Lawmakers in Minnesota have a lot on their minds as they consider how to solve Minnesota’s budget. One of the largest areas of spending includes health and human services.
One question lawmakers need to weigh: Where do all the older residents go?
More on that in a minute.
Lawmakers who rally around the idea that health and human services is somehow the fat cow of state finance don’t really understand the reasons why that aspect of the budget is growing.
Much of the budget is growing because the number of senior citizens is growing.
It shouldn’t surprise many lawmakers — after all, it was called the “Baby Boom” generation. But the babies have grown up and grown old.
If lawmakers hack the health and human services budget without any new revenue increase, they stand to capsize an already sinking ship. Most nursing homes and assisted-living facilities have faced annual double-digit cuts to their reimbursement from the state. A study by LarsonAllen LLP estimates that 63 nursing homes in Minnesota with as many as 8,850 jobs are at risk if lawmakers slash the reimbursements.
That’s about 10 percent of all facilities in our area.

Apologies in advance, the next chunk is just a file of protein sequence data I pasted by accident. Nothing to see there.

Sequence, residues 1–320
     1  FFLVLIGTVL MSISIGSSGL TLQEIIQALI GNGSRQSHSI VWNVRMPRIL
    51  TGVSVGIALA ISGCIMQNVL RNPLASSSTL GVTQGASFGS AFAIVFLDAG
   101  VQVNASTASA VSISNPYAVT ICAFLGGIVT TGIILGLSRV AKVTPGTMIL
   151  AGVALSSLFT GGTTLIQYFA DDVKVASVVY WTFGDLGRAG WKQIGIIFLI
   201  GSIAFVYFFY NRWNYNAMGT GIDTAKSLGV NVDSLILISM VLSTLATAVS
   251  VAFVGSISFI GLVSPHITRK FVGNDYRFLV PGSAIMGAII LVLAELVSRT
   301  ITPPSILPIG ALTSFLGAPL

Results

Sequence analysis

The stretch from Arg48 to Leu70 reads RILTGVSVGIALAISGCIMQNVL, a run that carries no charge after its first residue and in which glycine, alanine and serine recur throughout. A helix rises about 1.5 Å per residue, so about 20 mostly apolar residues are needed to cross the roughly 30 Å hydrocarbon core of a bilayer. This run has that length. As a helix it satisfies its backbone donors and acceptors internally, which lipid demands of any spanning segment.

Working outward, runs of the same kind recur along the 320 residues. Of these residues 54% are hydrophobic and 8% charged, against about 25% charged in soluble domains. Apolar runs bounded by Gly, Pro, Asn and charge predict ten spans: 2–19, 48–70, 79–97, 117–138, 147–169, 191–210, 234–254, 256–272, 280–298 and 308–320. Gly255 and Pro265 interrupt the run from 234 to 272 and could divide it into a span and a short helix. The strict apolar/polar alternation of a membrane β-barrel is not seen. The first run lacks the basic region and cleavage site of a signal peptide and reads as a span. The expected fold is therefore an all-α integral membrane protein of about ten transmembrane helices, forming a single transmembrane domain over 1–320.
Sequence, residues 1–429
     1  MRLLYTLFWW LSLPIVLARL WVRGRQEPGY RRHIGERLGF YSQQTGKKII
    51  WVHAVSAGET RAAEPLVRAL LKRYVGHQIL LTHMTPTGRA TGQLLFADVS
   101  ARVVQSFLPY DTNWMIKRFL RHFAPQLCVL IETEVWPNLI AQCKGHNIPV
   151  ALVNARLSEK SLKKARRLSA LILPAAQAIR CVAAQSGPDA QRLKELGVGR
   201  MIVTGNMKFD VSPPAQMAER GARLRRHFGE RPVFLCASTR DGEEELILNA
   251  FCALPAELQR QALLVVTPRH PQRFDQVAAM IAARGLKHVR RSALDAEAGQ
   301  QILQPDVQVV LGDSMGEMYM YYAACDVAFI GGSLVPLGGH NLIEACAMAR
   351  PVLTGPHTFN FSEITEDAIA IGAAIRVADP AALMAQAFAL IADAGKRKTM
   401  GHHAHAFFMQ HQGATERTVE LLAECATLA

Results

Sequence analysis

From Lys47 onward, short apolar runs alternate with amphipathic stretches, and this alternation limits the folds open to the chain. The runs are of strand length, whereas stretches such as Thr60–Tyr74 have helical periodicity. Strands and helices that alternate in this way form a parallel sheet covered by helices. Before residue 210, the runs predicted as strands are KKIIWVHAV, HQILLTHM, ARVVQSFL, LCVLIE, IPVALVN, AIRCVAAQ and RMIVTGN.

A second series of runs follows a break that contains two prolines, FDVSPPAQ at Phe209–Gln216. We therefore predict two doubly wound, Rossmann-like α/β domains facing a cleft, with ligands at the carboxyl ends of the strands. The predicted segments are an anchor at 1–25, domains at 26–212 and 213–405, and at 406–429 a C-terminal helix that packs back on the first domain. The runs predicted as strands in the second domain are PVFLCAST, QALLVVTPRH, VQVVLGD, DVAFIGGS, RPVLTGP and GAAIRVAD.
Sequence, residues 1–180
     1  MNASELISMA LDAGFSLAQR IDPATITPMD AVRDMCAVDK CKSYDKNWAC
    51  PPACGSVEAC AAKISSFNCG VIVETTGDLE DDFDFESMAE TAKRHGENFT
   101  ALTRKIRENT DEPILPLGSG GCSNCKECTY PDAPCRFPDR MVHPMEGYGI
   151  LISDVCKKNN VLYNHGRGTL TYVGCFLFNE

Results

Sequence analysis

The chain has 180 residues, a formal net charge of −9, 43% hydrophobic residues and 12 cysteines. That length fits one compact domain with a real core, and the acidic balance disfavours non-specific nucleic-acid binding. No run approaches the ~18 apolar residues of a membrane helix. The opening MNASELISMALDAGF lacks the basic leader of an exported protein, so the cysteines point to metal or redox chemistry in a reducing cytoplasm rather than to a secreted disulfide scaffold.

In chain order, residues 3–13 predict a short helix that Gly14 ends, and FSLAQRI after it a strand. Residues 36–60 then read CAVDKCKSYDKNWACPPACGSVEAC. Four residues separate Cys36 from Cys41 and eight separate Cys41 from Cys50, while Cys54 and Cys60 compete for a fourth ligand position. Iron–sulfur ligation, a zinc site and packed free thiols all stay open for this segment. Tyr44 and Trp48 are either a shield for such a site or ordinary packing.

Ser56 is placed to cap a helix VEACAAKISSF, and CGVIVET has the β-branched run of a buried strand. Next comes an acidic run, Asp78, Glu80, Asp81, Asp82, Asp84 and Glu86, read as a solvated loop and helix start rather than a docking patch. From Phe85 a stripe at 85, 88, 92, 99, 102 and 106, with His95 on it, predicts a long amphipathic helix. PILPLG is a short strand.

So, where do Grandpa and Grandma go?
The Daily News asked that question to several experts recently: If there is no room at the inn, what then?
The answer, while anecdotal, is telling: Our elderly citizens who can’t get care stay in their home too long, regrettably waiting until the next catastrophe.
But lest lawmakers harrumph and bluster about the state’s role of government in individual lives, leaving our older citizens to fend for themselves comes back and winds up costing the state and all taxpayers in the long run. So really there are no savings, just cost shifting.
Booting the elderly off state assistance — whether that’s kicking them off programs or forcing facilities to close the doors — will cause them to stay at home longer.
When the day comes that a stroke, heart attack or a fall happens, those same people who might have avoided a catastrophic medical event will be rushed to the emergency room and treated with the most expensive help available for very serious conditions.
In other words, Medicare, Medicaid, medical assistance and even private insurers will foot the larger-than-it-should-have-been bill.
In many respects, adequately funding health and human services even if that means tax increases would be a more pragmatic, not to mention humane, approach. As the old phrase goes: You can pay now, or pay later. The truth is that most of the time when it comes to taking care of our senior citizens — paying later almost always means paying more.
So, before the Legislature whips up another hurrah session of slogans that forwards the notion that they’ll not spend one more cent of taxpayer money, don’t let them off the hook: Not spending more tax money isn’t the same thing as not having to pay for things like elderly care.
By Darrell Ehrlick, editor, on behalf of the Winona Daily News editorial board, which also includes publisher Rusty Cunningham and deputy editor Jerome Christenson. To comment, call 453-3507 or send email to email@example.com.